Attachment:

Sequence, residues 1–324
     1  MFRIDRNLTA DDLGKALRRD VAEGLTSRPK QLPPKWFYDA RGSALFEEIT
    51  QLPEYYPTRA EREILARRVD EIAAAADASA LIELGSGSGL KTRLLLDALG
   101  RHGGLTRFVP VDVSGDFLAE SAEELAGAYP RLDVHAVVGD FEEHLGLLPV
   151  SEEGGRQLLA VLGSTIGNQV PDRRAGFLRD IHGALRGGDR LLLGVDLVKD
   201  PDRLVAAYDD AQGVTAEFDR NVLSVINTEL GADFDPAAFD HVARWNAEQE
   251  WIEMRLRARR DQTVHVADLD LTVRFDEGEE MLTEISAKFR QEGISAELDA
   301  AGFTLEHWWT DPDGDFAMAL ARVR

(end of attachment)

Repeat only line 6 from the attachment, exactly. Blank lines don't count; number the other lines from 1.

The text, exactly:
   201  PDRLVAAYDD AQGVTAEFDR NVLSVINTEL GADFDPAAFD HVARWNAEQE